Hudson Bay drainage basin

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Hudson Bay drainage basin
NorthAmerica-WaterDivides.png
The Hudson Bay drainage connects primarily to the Labrador Sea just south of Davis Strait as depicted on most atlases such as those of the National Geographic Society just north of the 60th parallel north and northeast of the Labrador Peninsula
Geography
CountryCanada, United States
Coordinates50°12′10″N 115°39′04″W / 50.2028°N 115.651°W / 50.2028; -115.651

The Hudson Bay drainage basin is the drainage basin in northern North America where surface water empties into Hudson Bay and adjoining waters. Spanning an area of about 3,861,400 square kilometres (1,490,900 sq mi),[1] the basin is almost totally in Canada (spanning parts of the Prairies, central and northern Canada), with a small portion in the United States (in Montana, the Dakotas, and Minnesota).  The watershed's connection to the Labrador Sea is at the Hudson Strait's mouth between Resolution Island in the Qikiqtaaluk Region and Cape Chidley on the Labrador Peninsula.[2] The watershed's headwaters To the southwest are on the Continental Divide of the Americas, bounded at Triple Divide Peak to the south, and Snow Dome to the north. The western and northern boundary of the watershed is the Arctic Divide, and the southern and eastern boundary is the Laurentian Divide.

Hudson Bay is often considered part of the Arctic Ocean. For example, the International Hydrographic Organization (in its current unapproved working edition only [3] of Limits of Oceans and Seas) defines the Hudson Bay, with its outlet extending from 62.5 to 66.5 degrees north (just a few miles south of the Arctic Circle) as being part of the Arctic Ocean, specifically "Arctic Ocean Subdivision 9.11." Other authorities include it with the Atlantic Ocean , in part because of its greater water budget connection. [4] [5]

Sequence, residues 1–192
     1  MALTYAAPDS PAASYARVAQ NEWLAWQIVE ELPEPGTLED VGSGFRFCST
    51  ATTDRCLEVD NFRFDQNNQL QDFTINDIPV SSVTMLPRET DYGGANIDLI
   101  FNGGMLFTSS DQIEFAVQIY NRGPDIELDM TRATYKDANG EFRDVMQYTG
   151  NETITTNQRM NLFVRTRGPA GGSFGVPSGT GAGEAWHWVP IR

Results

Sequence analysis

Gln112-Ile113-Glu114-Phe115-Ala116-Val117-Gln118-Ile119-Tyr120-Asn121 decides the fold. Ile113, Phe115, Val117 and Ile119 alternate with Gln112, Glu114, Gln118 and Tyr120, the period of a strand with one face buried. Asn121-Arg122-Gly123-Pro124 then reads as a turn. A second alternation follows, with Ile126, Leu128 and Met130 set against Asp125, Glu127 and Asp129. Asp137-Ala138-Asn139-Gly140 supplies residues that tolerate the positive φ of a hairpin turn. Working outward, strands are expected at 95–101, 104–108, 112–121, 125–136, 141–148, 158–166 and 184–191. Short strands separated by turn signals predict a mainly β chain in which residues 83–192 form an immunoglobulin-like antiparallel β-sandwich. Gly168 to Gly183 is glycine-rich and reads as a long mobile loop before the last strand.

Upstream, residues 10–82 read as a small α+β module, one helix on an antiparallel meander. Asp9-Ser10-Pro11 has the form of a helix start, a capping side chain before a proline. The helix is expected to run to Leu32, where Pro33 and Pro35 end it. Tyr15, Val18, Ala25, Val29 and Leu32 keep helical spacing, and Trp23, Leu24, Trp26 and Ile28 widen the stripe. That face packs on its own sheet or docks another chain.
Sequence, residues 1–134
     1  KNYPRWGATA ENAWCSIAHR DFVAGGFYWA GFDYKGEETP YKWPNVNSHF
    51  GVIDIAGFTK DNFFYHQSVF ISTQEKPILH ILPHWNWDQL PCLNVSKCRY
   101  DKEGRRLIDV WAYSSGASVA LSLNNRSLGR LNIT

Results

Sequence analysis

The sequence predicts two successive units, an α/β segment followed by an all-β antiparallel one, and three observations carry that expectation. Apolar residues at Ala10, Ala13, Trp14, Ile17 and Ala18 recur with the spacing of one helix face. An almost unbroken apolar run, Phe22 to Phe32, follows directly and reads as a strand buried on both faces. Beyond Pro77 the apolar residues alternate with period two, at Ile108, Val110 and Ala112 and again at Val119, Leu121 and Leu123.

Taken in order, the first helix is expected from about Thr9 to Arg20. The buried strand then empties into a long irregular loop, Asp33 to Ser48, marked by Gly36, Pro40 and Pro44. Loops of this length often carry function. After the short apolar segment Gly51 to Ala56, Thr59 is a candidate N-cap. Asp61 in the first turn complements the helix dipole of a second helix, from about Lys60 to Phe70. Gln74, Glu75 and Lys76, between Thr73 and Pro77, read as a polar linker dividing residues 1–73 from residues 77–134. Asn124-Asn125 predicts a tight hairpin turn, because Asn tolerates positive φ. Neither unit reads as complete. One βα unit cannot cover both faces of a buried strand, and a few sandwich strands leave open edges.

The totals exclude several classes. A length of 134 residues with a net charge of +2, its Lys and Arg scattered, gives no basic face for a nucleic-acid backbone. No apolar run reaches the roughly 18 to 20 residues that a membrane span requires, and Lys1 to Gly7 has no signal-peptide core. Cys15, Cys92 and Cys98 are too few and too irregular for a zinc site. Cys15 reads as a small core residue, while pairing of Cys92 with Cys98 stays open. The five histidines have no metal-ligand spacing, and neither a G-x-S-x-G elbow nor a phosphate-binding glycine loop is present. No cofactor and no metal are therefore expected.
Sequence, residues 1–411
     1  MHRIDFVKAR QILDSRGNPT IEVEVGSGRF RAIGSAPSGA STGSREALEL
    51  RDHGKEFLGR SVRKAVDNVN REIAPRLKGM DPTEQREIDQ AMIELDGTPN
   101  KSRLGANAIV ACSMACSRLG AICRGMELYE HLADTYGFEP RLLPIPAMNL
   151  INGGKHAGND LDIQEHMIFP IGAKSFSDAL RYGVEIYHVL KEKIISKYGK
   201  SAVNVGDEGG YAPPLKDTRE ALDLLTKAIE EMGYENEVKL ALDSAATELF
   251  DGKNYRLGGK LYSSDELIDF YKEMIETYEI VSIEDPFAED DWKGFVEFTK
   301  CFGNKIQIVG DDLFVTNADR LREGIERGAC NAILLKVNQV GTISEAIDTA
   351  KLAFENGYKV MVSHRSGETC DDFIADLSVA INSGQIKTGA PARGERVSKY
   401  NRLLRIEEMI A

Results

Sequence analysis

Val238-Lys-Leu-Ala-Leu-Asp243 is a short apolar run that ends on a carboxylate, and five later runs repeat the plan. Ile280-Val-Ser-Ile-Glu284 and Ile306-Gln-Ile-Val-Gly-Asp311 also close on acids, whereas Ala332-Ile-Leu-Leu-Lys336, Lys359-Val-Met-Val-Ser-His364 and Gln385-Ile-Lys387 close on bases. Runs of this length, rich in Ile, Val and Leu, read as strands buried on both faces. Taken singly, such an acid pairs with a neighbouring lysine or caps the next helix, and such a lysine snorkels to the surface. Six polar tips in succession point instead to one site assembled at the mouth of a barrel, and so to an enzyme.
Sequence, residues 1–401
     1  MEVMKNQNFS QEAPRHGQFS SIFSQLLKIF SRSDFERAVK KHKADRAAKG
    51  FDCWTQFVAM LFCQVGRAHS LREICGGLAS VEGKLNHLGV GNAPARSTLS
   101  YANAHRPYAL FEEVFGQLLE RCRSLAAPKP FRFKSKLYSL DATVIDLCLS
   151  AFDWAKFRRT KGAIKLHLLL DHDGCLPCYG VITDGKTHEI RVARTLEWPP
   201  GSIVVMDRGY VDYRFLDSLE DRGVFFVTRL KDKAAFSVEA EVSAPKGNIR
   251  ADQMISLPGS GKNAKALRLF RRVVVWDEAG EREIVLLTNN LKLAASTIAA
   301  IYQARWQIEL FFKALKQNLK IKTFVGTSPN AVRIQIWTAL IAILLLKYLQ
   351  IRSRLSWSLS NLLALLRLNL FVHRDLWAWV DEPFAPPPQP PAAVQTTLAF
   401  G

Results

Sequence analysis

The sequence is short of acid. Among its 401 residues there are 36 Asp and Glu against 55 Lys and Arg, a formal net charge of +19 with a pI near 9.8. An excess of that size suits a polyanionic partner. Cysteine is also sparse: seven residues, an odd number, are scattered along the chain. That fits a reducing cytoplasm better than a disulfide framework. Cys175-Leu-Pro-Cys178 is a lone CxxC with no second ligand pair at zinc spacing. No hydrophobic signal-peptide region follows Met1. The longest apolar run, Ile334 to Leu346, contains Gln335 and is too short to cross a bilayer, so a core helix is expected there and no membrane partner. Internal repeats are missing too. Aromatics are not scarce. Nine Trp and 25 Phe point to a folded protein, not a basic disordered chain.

The Hudson Bay drainage basin coincides almost completely with the former territory Rupert's Land, claimed by the Hudson's Bay Company in the 17th century, and an ideal area for the early fur trade in northern and central North America.

References[edit]

  1. ^ "Canada Drainage Basins". The National Atlas of Canada, 5th edition. Natural Resources Canada. 1985. Retrieved 24 November 2010.
  2. ^ Limits of Oceans and Seas (PDF), 1953, retrieved 2010-11-26
  3. ^ "IHO Publication S-23 Limits of Oceans and Seas; Chapter 9: Arctic Ocean". International Hydrographic Organization. 2002. Retrieved 2017-07-01.
  4. ^ Earle, Sylvia A.; Glover, Linda K. (2008). Ocean: An Illustrated Atlas. National Geographic Society. p. 112. ISBN 978-1-4262-0319-0. Retrieved 26 November 2010.
  5. ^ Lewis, Edward Lyn; Jones, E. Peter; et al., eds. (2000). The Freshwater Budget of the Arctic Ocean. Springer. pp. 101, 282–283. ISBN 978-0-7923-6439-9. Retrieved 26 November 2010.